What Silence Equals

What Silence Equals

by Tory Dent
     
 

The "brilliant and challenging" (Library Journal) exploration of living with HIV by the winner of the 1999 James Laughlin Award.

First published in 1993, this virtuosic collection defined writing about AIDS for a generation of poets. Chaotic and incantatory, it is a submersion into the railing consciousness of a young woman on the precipice of…  See more details below

Overview

The "brilliant and challenging" (Library Journal) exploration of living with HIV by the winner of the 1999 James Laughlin Award.

First published in 1993, this virtuosic collection defined writing about AIDS for a generation of poets. Chaotic and incantatory, it is a submersion into the railing consciousness of a young woman on the precipice of mortality, its "dazzling and valiant poems…the psalms of our present moment" (Sharon Olds).

Editorial Reviews

Eileen Myles
Tory Dent charts her own waters. She's a poet of brilliance and shadows.
Publishers Weekly - Publisher's Weekly
The subject of Dent's admittedly autobiographical first collection is intriguing: these are the poems of a woman suffering from AIDS. While several books have appeared from the male perspective and women have contributed poems to anthologies, this ought to be a landmark volume. Such weight only makes the book's shortcomings more disastrous. Emotion is barely detectable. Dent's long lines are chopped-up prose, and even as prose they'd be boring: ``So the ignorant stumbled out of bliss as stockbrokers did in '29 / their limbs wriggling the way a spider descends / into a void of volition. . . .'' Even poems written to such tunes as Jimmy Cliff's ``Many Rivers to Cross'' or Percy Sledge's ``At the Dark End of the Street'' bear no traces of lyricism. Imagery is sparse and predictable: eyes ``sparkle like zircon diamonds,'' clouds are ``tearful,'' lips are ``zipped together.'' Large words are thrown in seemingly to no other purpose than to prove the poet's superiority to her readers: ``noyade,'' ``mullocky,'' ``metalanguage,'' ``apheliotropically.'' Inverted grammar lends a stilted quality. An attenuated introduction by Sharon Olds ( The Father ) does little more than quote from the book itself. (Dec.)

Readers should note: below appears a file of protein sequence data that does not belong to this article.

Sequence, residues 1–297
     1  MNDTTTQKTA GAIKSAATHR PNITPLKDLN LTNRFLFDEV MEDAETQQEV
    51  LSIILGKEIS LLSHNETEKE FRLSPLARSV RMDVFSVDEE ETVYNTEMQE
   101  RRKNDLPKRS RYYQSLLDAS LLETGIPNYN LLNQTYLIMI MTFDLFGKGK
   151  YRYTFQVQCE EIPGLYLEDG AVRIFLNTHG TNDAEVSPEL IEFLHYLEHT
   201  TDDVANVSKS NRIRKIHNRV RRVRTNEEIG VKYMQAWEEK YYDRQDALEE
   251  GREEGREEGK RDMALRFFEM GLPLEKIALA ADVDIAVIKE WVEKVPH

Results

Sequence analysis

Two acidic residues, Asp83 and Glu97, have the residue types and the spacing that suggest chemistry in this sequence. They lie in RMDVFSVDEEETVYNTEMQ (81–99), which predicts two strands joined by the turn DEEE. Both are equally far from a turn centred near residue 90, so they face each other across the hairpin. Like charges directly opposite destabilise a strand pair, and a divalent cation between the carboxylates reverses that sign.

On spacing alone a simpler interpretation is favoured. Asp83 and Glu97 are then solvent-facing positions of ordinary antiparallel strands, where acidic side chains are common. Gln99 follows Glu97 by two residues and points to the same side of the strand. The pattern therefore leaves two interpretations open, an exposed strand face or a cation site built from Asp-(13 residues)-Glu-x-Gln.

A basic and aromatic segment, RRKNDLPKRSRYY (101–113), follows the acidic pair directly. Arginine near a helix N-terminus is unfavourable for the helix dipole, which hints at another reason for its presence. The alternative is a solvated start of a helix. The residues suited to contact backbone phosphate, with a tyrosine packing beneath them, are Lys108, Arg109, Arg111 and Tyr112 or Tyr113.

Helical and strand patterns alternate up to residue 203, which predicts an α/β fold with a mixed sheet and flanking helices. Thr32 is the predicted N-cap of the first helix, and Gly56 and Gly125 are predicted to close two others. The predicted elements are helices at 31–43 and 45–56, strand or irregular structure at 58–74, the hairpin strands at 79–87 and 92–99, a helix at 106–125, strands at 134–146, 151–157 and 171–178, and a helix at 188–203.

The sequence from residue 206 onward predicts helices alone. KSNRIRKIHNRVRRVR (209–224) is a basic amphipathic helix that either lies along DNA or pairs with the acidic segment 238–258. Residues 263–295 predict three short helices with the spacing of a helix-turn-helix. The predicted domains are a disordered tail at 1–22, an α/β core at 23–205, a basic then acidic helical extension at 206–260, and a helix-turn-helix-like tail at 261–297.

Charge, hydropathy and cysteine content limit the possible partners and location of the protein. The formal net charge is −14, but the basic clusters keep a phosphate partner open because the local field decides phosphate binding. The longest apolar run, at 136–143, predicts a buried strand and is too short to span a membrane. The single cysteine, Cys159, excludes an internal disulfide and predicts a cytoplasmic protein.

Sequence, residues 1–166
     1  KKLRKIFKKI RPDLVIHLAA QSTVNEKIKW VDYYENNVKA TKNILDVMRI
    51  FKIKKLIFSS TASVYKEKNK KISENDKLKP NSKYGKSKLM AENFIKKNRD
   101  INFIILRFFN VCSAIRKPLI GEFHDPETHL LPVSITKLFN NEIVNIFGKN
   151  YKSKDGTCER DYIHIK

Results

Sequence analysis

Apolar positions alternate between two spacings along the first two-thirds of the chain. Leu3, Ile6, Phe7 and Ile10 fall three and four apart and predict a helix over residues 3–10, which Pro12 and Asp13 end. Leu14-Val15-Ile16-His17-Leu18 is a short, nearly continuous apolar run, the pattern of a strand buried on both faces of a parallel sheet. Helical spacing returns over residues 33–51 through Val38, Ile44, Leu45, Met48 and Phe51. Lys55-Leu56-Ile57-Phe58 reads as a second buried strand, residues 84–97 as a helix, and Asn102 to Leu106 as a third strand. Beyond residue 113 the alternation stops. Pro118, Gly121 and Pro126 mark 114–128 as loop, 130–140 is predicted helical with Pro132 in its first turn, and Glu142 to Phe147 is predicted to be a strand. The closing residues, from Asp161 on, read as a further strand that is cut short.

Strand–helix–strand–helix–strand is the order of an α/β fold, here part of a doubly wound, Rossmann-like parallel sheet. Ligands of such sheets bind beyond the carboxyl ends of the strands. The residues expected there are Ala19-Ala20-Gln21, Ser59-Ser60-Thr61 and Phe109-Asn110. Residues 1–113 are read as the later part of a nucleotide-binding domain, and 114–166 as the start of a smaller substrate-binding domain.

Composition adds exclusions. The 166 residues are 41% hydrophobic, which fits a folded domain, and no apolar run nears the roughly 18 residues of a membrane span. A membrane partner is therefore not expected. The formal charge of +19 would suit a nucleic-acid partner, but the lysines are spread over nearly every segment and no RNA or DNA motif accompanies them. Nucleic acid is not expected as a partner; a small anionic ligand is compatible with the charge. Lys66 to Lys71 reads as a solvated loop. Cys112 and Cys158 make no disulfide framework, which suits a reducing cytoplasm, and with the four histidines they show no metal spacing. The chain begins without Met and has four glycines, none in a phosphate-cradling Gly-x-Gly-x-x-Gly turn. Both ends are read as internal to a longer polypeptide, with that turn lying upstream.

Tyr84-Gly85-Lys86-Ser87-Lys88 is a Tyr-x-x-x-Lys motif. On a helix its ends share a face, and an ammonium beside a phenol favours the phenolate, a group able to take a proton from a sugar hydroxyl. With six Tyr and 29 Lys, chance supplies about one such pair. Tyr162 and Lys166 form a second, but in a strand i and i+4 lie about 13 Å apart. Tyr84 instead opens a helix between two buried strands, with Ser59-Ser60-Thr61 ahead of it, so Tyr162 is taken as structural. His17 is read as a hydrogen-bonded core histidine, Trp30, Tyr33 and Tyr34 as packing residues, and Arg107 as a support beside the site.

Library Journal
It may be a disservice to say this poet writes about AIDS--a topic that can subsume the artistic endeavor--but Dent seems to thrive on difficulty. These poems are intelligent and alive, emanating not from what the author terms ``the negative state of my positiveness'' but from the vertiginous cavern's edge: they are not poems about a disease but weather reports from an existential state. A mostly unrhymed hexameter line allows her to move from ballade to song lyric to satire without rupturing the book's texture. Bitter, bawdy, and sad, recalling the verse of medieval outlaw poet Francois Villon, to whom the title poem is dedicated, these are, unmistakably, love poems of our time: ``the way the gross anatomy of lovemaking gives way to its interiority,/ bends supple as if broken already beneath the weighty implosion.'' A brilliant and challenging first collection in which the writing only occasionally spins out of control.-- Ellen Kaufman, Dewey Ballantine Law Lib., New York

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Product Details

ISBN-13:
9780892551965
Publisher:
Persea Books
Publication date:
10/01/1993
Edition description:
1st ed
Pages:
96
Product dimensions:
5.36(w) x 8.22(h) x 0.29(d)

Meet the Author

Tory Dent (d. 2005) is the author of three volumes of poetry. Her writing appeared in numerous periodicals, including Agni, Kenyon Review, Paris Review, Ploughshares, and Fence; and many anthologies, among them In the Company of My Solitude (Persea, 1995), and Things Shaped in Passing (Persea, 1997).

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